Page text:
The Building Boys Bulletin Newsletter gives you the facts, encouragement, and inspiration you need to help boys thrive. Written by Jennifer L.W. Fink, mom of four sons and author of Building Boys: Raising Great Guys in a World That Misunderstands Males, Building Boys Bulletin includes:

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“I learned a lot about helping boys thrive over the past 20+ years — most of it the hard way! I’m eager to share what I’ve learned to make your path a little easier.”   – Jennifer

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16 Responses

  1. All true Jennifer. It’s like all teenagers are taken out from the same mold. But the upside…(I hope)…all will pass. It’s like potty training, just when you are about to give up that’s when they start doing it the right way. Like what you said, all the time spent teaching teens manners and respect is not for naught. And the bond you’re talking about, that’s special for mother and son. To all moms who have survived this parenting teen challenge…KUDOS!!!

  2. Someone shared this with me after me telling her about my horrific fight with my 15 year old grandson… was a heartbreaking evening for me. I raised 2 amazing daughters, the oldest has 3 teeneage boys, the youngest had a 4 year old girl! I am 54 and pretty tolerant of A LOT!!!! Needless to say, I reached the point of no return when I lost control of my mouth with amsaid 15 yr old, and we both said some pretty rotten things. As a mom and grandma, it crushed my heart and 2 days later I’m still aching from the “word fight” we had. His dad(who is out of town and I’m helping Mom) assures me that “shit happens” and it will be ok, the 15 yr old is just exercising his boundaries and I’ve never seen it, so I didn’t know how to handle it. I called it a “whole new kind of crazy” and I was out of my element.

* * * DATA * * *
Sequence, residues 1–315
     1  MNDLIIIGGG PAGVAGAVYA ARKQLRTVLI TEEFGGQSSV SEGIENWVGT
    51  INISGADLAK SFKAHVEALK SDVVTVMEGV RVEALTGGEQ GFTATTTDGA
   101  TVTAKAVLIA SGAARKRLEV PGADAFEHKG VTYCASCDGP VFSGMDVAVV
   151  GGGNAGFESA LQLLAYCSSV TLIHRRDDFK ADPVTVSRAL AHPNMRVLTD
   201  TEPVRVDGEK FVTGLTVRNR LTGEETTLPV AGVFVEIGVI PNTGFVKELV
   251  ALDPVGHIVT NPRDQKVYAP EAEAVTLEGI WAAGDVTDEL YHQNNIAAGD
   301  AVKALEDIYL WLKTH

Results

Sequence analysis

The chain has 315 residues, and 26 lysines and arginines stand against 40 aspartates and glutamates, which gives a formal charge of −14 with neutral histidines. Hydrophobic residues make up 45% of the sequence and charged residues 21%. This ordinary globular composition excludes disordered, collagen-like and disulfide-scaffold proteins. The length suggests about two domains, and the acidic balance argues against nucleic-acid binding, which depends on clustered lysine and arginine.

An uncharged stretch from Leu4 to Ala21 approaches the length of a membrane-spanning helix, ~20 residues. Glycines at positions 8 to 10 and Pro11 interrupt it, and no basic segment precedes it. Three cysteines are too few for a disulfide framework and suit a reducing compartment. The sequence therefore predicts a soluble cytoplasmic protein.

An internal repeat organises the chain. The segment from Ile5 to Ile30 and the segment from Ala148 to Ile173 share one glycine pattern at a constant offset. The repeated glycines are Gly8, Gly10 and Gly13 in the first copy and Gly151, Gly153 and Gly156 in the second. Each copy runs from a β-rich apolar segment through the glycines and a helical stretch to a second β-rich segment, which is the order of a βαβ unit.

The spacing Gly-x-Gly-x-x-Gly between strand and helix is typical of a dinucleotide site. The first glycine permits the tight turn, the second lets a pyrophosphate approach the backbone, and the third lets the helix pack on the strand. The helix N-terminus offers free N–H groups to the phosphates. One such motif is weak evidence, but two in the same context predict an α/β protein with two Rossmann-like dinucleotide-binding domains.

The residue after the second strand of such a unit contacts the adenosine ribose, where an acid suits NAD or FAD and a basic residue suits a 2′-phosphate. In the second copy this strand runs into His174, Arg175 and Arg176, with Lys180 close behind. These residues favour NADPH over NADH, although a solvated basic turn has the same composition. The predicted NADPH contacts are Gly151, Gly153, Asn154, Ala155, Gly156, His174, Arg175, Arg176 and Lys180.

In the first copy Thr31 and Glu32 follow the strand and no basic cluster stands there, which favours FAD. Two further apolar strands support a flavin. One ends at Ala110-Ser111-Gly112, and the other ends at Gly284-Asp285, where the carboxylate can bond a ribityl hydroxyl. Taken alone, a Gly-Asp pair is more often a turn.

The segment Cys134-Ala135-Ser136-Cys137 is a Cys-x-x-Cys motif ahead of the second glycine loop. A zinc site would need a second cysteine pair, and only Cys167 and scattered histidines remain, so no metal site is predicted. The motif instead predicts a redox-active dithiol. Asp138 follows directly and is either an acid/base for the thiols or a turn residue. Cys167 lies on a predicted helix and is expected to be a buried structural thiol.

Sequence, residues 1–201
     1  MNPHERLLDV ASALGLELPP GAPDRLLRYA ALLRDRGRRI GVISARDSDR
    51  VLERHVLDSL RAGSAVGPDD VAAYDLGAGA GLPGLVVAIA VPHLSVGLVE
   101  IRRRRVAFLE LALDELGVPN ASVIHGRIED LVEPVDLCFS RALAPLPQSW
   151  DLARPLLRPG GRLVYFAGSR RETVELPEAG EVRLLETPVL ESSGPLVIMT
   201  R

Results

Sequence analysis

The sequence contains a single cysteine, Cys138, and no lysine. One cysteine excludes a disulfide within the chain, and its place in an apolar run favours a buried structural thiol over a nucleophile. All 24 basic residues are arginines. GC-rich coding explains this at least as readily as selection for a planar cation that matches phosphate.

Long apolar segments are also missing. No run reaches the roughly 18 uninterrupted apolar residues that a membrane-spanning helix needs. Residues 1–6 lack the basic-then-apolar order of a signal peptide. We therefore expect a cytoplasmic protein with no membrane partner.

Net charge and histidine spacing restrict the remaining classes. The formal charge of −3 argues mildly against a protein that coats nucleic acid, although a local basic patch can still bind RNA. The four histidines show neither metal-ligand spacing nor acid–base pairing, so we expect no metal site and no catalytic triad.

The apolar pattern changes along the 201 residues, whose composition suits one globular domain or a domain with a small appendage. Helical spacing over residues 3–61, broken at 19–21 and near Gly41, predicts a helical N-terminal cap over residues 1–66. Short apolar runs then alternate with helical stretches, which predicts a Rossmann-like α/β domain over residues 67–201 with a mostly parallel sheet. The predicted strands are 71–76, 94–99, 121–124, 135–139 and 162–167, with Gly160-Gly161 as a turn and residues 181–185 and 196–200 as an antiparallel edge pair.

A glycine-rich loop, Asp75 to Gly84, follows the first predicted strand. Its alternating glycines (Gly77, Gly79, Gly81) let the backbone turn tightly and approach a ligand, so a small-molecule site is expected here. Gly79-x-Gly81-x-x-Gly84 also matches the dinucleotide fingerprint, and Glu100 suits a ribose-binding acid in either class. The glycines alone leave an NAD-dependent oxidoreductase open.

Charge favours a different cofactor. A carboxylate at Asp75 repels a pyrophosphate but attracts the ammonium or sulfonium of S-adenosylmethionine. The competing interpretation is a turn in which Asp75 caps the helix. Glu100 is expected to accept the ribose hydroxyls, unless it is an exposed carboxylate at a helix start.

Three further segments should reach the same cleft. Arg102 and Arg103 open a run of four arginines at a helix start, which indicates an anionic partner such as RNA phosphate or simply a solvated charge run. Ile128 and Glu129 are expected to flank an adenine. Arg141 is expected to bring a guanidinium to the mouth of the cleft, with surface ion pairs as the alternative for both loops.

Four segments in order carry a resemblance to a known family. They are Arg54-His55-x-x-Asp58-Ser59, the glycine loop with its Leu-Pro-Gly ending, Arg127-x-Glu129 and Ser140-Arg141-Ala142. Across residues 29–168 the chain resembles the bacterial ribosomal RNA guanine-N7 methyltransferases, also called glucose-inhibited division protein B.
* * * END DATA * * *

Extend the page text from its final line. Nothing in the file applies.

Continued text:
This article really helped me to know that there is hope for my once sweet little loving grandson to one day love hanging out with me again. He was my “buddy” and now, I’m just a nagging Old lady to him ?

    1. I have 2 daighters, 17 and 19 who have been “easy peasy.” I thought I was a pretty good parent. My third child is a boy, now 14. What a difference! I have had to change my tolerance and parenting style completely. It’s beginning to improve, but I still hear, “don’t tell me what to do,” “you don’t know because you’re old,” and “that’s stupid.” I don’t react, because he wants to get a “rise” out of me. He needs me to listen to him, validate his interests and love him unconditionally. I’m getting better at that.

      1. I have a 19-yo daughter, a 14-yo son and an 11-yo son. Boys are assholes. I don’t know where girls got the reputation for being moody, drama queenish brats, they are much, much easier than boys. Boys are awful. I love mine to bits and raise Hell to help and support them if they need it, but OMG. Boys are truly something else!

  3. I needed to hear all of this so very bad right now. My 19 year old daughter was so simple and with my 15 year old son, I feel as though I am a complete failure as a parent. I don’t even trust the decisions that I make anymore. Does this boy not understand how much I love him? Part of my job as a parent is to help him make good decisions and lead him, but he is so strong willed and determined, it may kill me before we get through.

  4. I can’t tell you how much I needed to hear this. I thought I had screwed up somewhere and in the process failed him. He’s my oldest, and my only boy, so it has been a difficult road but I am so very happy to hear that overall he’s doing good. His teachers love him, he is respectful even if he often forgets to turn in his work, every now and then we have a tiff but he opens up to me, he wants to spend time with me (even if it’s just kicking my butt I’m super smash brothers) and he’s being better towards his sister. He’s only 13, I’m sure once he starts high school next year it will be worse, but overall, I see now that he really is a good kid. Thank you!